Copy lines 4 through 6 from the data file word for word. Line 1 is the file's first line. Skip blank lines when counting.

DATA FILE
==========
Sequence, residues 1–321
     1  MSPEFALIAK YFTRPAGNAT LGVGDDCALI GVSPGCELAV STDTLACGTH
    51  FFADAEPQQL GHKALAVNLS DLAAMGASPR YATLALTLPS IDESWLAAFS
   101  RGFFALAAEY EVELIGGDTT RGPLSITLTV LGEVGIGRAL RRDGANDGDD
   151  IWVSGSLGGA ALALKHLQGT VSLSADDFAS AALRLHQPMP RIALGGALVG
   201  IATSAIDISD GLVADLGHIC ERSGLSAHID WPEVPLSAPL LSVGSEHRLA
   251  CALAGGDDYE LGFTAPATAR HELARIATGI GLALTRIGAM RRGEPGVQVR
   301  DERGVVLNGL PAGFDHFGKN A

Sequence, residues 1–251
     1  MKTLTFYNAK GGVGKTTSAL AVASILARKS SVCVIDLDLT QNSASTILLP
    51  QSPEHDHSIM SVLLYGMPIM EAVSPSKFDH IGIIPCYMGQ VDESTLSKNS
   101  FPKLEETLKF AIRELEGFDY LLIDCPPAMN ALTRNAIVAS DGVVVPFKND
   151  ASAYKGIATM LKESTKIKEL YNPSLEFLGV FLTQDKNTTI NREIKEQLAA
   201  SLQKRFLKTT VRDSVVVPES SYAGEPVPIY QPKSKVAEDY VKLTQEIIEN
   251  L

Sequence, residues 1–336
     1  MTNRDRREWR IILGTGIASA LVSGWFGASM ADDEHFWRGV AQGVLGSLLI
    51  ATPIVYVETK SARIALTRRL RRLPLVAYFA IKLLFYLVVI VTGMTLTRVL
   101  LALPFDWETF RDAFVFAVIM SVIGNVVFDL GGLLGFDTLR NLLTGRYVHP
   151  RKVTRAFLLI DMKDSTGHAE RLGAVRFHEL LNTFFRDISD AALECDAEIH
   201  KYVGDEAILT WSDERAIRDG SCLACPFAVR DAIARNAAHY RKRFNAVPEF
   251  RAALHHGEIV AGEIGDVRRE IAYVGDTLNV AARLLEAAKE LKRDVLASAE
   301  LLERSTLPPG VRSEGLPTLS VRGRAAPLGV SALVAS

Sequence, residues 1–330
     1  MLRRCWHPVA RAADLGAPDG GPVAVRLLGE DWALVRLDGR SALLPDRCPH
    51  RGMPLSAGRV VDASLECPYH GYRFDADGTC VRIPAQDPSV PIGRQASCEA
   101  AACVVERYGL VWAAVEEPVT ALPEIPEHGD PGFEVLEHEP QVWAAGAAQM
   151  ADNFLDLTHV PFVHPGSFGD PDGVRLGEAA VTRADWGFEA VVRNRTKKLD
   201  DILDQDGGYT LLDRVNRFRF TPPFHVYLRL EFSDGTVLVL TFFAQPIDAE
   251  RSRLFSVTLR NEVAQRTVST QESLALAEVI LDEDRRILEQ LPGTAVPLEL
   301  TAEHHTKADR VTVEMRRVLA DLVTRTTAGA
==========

   101  RGFFALAAEY EVELIGGDTT RGPLSITLTV LGEVGIGRAL RRDGANDGDD
   151  IWVSGSLGGA ALALKHLQGT VSLSADDFAS AALRLHQPMP RIALGGALVG
   201  IATSAIDISD GLVADLGHIC ERSGLSAHID WPEVPLSAPL LSVGSEHRLA